Moat of us have military veterans in our family that we are seeking information on. I suspect most of us have used Fold 3 to begin our research on these family members. Ancestry is another on-line resource that can assist your efforts. However, Jamestown has a treasure trove of records on various veteran groups located at The Fenton History Center’s Hall House Research Library at 73 Forest Ave. The collection is extensive and includes records from the Revolutionary War through WWII.
Information on Revolutionary War veterans can be found in a two volume series entitled Patriots and Soldiers of 1775-1783. These are indexed and each entry includes a summary of the soldier or patriot, with the unit that they served with and often additional biographical information.
Several years ago, the library began a project to document all War of 1812 Veterans that have a connection to the county or are buried in the county. The number grew exponentially. WE took the time to research each of them, looking for the unit that they served in and any battles that they may have been in volved in. We also traced their families, homes and occupations. For some there is truly little information but for others we have quite a bit owing to the fact that they applied for a pension or their wives a widow’s pension. These are all filed on 3 Ring binders.
We have many books on the Civil War including those that feature prominent Generals, battles and politicians. For those doing family research, we recommend that you check a book entitled Civil War Veterans of Chautauqua County. This book is arranged alphabetically by townships. Then with in each township, you will find a list of those who served from that township. Generally, these are one line entries that list the unit that the soldier served in and their death date. One entry was quite poignant stating, “killed at the bloody angel at Gettysburg, buried where he fell.”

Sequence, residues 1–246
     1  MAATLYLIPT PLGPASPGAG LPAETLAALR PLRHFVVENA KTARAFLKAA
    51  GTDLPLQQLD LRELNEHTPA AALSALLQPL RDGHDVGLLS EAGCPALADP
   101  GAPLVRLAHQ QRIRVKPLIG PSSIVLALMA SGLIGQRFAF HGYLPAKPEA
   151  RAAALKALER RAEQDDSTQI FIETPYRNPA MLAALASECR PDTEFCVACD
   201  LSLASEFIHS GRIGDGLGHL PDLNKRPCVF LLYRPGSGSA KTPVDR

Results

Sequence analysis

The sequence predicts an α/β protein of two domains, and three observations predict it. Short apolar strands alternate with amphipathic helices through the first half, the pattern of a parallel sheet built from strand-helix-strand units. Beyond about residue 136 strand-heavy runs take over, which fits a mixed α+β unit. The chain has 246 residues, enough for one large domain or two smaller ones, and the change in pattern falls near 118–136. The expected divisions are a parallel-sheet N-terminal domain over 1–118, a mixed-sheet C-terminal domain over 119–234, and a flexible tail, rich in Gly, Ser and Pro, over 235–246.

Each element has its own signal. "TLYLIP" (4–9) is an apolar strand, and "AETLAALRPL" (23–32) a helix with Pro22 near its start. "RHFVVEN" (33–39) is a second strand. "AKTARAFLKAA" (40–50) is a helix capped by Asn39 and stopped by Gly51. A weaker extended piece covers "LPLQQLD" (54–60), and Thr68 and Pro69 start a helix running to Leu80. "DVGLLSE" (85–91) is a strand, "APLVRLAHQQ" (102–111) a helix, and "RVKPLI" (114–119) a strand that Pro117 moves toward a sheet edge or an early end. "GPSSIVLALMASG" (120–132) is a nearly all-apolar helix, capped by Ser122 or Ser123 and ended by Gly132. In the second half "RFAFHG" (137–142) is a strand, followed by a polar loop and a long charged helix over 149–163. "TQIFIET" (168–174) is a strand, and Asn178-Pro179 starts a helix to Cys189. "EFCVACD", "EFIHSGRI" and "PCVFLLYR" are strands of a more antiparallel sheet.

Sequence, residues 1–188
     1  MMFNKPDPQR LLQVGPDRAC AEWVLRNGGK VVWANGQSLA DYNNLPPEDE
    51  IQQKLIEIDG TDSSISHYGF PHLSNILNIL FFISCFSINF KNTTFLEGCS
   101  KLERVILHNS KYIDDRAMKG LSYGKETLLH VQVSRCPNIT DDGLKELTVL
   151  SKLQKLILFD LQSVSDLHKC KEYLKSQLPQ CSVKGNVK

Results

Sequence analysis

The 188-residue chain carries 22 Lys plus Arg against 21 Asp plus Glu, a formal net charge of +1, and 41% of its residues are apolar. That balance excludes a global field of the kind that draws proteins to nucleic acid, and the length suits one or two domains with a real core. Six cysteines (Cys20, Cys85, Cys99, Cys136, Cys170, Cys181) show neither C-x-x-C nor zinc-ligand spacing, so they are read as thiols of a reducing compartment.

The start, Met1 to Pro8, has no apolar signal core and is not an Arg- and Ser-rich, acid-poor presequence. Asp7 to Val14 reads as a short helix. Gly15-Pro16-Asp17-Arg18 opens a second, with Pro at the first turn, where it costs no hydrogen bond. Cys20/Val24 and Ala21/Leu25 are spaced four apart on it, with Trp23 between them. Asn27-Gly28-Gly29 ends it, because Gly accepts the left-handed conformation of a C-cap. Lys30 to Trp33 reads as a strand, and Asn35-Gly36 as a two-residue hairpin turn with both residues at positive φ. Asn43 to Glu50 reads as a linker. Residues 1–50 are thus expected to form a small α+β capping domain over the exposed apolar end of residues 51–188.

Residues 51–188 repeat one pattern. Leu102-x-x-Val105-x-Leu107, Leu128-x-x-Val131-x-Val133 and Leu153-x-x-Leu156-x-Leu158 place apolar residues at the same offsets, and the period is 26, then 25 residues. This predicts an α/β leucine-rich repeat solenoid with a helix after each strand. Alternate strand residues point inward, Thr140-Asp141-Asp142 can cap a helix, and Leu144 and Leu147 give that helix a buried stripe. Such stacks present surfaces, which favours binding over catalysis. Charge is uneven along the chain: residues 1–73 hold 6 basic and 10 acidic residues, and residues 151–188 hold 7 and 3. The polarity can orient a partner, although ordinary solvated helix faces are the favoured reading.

During WWII, the Honor Society at Jamestown High School created cards for each person from Jamestown High School that served in the military. They included basic information such as their birthdate, parents, address and the branch of the military that they served in. In addition, they listed the years that the person attended JHS. If there were news clippings, they were sometimes attached to the cards. As a follow-up they added notations for those that were WIA (Wounded in Action) or those that were KIA (Killed in Action). These have proved to be a great resource for my research into my husband’s family.
One vastly underutilized resource is a series of cards created by family members and friends that cover all wars from the Revolutionary onward. They are arranged in alphabetical order and are stored in archival boxes. While these do not cover every veteran, they cover many.
As you organize and plan your family research, take the time to come to the Hall House Research Library to look at our resources. WE are there Monday, Tuesday, Thursday and Friday from 10AM to 4PM.
To read Janet Walberg’s previous genealogy columns or to delve deeper into her writings and insights for searching out and recording your own family’s genealogy, please go to jamestowngazette.com and visit Janet’s own web page.